Last but not least, you will almost certainly need to treat your allergy symptoms if you live with a both a dog and dog allergies.
There are many ways to do this, from simply dealing with congestion to allergy medications.
You’ll be miserable without the right treatments, so it’s important to see a primary care physician or allergist to help you manage your dog allergies.
The first thing an allergist will do is make sure that you do, indeed, have a dog allergy. Your doctor will perform a skin test to see what exactly is causing your symptoms.
Once your dog allergy is established, the doctor can recommend allergy medications. Many medications, like Benadryl, are available over the counter.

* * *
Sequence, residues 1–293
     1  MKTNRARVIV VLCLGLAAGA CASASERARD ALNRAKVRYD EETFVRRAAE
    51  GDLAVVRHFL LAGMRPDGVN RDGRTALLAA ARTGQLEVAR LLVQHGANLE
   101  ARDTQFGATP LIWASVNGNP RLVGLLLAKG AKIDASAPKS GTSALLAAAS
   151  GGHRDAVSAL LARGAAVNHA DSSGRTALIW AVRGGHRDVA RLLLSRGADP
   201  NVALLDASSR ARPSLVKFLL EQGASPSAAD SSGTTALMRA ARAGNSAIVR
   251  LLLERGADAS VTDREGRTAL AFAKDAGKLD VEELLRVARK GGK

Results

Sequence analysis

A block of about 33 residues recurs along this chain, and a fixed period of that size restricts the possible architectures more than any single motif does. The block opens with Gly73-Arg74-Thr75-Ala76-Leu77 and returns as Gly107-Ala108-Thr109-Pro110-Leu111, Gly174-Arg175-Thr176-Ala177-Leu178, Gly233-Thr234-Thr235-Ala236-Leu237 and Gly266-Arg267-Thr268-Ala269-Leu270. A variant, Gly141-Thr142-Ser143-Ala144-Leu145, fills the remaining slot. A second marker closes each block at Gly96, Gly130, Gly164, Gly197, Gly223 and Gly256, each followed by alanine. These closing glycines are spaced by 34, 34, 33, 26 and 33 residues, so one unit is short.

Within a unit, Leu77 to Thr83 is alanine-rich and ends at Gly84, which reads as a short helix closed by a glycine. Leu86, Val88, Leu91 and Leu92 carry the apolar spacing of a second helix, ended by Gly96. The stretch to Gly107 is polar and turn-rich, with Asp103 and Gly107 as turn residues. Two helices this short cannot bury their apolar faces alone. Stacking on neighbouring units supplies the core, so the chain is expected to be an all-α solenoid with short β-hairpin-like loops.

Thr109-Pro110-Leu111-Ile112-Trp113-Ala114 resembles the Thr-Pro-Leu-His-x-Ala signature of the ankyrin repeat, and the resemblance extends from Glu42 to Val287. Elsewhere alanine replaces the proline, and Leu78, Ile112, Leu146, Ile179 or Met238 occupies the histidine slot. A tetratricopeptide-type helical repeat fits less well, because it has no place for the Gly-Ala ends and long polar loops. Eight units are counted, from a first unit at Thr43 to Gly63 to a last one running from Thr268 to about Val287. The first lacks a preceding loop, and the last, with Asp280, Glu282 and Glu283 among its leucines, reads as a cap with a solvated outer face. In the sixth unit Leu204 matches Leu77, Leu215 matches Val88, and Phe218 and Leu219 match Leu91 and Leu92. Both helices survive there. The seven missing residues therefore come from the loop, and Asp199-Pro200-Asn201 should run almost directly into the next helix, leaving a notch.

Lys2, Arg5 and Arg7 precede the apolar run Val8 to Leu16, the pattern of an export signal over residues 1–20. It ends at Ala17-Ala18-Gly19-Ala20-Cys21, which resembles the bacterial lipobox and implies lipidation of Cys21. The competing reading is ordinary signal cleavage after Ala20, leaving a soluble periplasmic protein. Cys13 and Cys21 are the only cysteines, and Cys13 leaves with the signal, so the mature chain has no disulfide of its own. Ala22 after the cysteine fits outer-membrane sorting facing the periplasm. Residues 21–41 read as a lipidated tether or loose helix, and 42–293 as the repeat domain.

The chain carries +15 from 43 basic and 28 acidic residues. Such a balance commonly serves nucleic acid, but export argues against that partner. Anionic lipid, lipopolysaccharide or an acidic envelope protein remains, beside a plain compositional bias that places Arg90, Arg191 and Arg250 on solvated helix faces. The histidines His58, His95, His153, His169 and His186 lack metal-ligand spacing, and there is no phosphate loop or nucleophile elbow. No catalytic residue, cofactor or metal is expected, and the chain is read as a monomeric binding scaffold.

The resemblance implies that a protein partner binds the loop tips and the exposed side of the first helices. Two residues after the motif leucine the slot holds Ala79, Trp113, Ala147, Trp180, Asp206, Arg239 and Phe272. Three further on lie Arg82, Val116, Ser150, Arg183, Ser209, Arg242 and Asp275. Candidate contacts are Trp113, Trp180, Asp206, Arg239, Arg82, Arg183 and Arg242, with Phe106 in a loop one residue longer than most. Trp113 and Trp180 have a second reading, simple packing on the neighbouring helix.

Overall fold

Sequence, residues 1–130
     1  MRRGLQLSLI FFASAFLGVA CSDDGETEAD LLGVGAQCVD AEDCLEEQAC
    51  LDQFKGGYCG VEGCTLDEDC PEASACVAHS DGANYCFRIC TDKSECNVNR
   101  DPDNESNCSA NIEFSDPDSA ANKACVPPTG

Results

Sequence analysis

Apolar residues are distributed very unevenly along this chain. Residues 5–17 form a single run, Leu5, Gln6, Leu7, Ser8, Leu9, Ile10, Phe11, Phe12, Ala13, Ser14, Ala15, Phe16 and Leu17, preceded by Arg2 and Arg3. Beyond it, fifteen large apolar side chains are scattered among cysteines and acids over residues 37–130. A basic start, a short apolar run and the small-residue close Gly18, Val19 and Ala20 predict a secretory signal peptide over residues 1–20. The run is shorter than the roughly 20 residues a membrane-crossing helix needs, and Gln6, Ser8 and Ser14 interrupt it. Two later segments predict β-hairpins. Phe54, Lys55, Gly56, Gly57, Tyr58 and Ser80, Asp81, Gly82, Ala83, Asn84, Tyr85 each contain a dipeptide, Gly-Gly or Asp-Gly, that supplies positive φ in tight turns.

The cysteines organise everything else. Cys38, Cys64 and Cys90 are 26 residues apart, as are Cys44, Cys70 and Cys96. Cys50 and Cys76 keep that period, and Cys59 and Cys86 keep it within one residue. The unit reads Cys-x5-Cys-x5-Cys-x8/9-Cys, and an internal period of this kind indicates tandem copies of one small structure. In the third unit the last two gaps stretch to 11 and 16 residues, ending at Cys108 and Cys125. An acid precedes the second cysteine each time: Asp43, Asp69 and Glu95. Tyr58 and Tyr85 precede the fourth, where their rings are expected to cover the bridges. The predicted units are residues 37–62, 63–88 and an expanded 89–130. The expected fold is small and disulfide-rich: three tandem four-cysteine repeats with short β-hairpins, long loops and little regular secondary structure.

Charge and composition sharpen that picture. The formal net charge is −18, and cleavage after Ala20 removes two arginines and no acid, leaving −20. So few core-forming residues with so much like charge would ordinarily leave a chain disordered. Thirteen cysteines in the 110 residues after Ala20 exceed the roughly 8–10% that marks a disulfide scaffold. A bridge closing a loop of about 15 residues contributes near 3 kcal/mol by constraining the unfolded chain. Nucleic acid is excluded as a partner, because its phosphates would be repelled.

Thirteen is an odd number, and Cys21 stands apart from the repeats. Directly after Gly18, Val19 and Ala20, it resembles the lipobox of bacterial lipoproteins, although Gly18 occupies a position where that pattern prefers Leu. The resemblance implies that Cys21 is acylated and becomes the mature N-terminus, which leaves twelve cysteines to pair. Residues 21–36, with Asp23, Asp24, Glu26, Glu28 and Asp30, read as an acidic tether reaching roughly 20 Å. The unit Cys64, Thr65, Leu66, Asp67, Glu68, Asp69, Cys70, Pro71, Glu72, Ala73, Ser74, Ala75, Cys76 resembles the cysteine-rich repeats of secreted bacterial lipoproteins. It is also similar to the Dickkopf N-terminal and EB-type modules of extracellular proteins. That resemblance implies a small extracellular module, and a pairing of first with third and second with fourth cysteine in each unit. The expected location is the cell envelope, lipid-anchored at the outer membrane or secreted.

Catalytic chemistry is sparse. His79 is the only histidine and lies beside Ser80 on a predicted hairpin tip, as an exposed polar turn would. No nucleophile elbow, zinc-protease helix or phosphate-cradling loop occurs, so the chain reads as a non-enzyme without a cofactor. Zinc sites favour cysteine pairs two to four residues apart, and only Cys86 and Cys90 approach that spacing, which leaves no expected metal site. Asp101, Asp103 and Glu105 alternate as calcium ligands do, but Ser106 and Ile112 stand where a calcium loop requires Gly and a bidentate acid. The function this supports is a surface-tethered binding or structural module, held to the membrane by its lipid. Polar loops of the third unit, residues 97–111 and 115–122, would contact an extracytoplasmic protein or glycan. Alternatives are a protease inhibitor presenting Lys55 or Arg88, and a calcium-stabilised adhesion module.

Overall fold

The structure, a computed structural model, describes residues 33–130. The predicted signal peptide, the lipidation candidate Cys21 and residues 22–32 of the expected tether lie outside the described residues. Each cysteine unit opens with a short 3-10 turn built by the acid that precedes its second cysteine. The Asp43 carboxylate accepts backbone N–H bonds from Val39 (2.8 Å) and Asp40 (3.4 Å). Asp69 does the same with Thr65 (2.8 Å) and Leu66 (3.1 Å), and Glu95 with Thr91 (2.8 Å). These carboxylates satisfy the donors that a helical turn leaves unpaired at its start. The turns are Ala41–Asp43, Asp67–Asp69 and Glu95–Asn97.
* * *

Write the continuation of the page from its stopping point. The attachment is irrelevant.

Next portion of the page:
However, if you have severe allergies, your doctor may give you a prescription or even recommend allergy shots, which help your body become resistant to allergens.
In addition to allergy medications, you can deal with your congestion at home. Some allergy sufferers recommend using a Netti pot.
This simple tool looks like Aladdin’s lamp. You fill it with water, tip your head, and pour it into one nostril.
All your congestion will be quickly cleared away! In a pinch, chewing minty gum can make your clogged sinuses a little more bearable.
Finding out that you’re allergic to your dog can be disappointing, but there are many things you can do to help yourself survive pet allergies.
You don’t have to give your dog away to make living manageable. If you take care of your home, your dog, and yourself, you can reduce your allergy symptoms significantly!
Don’t let your dog allergies get in the way of how you want to live your life.